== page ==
In honor of National Coming Out Day, learn from Aviva Davis about coming out to her group of elders.
By Aviva Davis
There is something really loaded about “coming out.” It feels like this emotional, dramatic thing we in the LGBTQ2S+ community have to do, and once you do the thing, you’re all set – you’re out.
But the reality is that we as queer people have to come out again and again, all the time. For instance, when I sat my family down and told them I was queer that was a “coming out.” When I walk down the street holding hands with my girlfriend, that’s another “coming out.” I even still have a screenshot saved of myself and my friend group all coming out to each other in our group chat on National Coming Out Day a few years back. One at a time, we each tentatively shared our identities. Then everyone said how much we loved each other. Then, to showcase her comedic timing, one of our closest friends used her photoshop skills to put those of us who came out as bi onto a large tandem bicycle, our friend who is ace onto an ace of diamonds, and those who had come out as pan on a cast-iron skillet. I don’t mind that coming out isn’t a one-time thing. The fact is: I love coming out; I love my queerness. I shout it from the rooftops, and I wear it on my Target Pride Collection apparel. I am queer!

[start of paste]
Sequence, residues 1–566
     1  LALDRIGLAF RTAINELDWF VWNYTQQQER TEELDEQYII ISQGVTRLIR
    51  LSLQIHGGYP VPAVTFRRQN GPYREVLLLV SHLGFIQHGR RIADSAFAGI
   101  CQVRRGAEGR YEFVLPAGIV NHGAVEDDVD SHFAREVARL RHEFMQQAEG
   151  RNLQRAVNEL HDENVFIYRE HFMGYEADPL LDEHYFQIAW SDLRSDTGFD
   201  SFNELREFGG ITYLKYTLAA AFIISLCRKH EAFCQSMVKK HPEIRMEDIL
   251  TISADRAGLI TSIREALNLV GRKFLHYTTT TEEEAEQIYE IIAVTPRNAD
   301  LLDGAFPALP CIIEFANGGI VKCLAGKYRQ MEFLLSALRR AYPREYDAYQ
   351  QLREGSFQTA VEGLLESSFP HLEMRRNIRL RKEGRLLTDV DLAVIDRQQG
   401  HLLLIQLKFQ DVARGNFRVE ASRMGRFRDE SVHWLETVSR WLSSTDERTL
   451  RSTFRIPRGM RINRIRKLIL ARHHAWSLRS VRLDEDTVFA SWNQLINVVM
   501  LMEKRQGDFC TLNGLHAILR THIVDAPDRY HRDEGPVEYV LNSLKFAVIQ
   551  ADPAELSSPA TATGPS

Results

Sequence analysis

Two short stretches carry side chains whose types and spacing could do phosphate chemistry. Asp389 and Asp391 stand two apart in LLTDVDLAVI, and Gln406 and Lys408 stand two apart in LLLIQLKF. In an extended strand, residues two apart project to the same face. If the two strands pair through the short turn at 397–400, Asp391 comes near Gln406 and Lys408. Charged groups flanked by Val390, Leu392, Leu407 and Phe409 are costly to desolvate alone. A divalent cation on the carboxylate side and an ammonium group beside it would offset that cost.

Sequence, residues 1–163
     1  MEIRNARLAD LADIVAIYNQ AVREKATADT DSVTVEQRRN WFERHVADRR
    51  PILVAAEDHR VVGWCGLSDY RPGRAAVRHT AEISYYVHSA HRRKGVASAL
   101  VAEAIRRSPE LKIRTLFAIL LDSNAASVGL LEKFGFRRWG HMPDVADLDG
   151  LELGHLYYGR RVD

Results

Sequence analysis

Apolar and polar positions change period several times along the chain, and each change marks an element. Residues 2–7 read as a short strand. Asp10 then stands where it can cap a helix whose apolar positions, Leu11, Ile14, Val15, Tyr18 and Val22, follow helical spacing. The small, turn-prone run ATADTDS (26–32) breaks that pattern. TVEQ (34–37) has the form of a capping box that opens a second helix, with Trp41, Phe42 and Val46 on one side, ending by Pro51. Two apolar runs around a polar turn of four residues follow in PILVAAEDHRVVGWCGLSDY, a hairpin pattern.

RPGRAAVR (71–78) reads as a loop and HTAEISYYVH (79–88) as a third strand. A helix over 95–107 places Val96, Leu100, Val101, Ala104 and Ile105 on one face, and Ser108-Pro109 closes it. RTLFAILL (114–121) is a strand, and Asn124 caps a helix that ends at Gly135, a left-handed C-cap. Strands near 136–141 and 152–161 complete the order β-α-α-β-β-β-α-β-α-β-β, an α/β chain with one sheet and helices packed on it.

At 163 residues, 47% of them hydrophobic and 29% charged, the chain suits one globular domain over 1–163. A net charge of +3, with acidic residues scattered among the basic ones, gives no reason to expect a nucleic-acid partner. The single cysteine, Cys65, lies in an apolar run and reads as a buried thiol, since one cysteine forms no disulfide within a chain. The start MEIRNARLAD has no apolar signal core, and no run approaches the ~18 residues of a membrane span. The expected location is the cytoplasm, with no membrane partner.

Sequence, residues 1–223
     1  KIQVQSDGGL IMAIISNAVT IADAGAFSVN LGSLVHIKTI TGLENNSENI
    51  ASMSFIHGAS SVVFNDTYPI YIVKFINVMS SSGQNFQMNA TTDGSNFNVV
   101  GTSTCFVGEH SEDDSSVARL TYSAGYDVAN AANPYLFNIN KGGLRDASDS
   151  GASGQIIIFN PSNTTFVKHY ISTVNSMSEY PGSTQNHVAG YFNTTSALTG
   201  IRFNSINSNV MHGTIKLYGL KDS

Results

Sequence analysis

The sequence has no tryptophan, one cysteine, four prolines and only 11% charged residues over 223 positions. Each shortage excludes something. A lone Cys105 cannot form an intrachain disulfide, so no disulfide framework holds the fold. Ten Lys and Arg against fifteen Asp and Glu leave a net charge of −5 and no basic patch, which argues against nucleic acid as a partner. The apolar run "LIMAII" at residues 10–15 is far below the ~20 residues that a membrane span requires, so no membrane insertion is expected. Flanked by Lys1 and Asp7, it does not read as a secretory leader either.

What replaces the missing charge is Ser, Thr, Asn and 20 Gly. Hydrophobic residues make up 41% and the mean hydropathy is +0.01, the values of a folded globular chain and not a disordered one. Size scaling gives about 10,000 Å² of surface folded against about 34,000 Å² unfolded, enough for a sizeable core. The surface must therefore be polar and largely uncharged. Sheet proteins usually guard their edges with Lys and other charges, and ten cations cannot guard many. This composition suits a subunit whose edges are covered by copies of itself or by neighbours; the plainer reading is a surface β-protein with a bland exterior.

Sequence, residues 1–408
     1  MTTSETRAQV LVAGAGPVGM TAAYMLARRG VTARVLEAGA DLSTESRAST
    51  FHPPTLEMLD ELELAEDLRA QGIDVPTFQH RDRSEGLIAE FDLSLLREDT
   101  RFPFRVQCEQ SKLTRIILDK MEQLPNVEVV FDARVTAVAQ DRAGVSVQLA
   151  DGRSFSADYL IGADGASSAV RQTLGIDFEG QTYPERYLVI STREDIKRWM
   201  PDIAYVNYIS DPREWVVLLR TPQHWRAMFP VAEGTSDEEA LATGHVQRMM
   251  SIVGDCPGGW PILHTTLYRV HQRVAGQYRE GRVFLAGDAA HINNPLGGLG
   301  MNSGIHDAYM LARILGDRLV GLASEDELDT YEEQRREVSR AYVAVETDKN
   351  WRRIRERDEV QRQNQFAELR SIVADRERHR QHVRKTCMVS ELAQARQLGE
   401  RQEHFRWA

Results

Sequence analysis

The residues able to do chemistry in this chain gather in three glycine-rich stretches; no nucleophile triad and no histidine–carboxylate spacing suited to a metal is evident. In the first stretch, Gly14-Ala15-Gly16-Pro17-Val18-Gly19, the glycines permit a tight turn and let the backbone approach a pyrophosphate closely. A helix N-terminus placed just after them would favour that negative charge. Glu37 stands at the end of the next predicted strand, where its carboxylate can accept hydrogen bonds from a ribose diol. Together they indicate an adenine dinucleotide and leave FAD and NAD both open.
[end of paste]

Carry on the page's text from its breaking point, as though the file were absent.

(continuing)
Last year, I worked in a senior living facility, where I needed to come out over and over, almost every day. A number of my residents had dementia and would clinically forget about my queerness. I reintroduced myself to my residents as many times as they needed. Sometimes they would recognize my face but not remember my name, other times they remembered every little detail about me, and some days it was as if we had never met. It required a lot of patience. But I saw how underneath each repeated introduction and behind each diagnosis was a person who loved life and who showed love to me, so I came out again and again because they deserved to know the full and real me.
Eventually, I recognized that almost all the residents I was having queer discussions with were Jewish.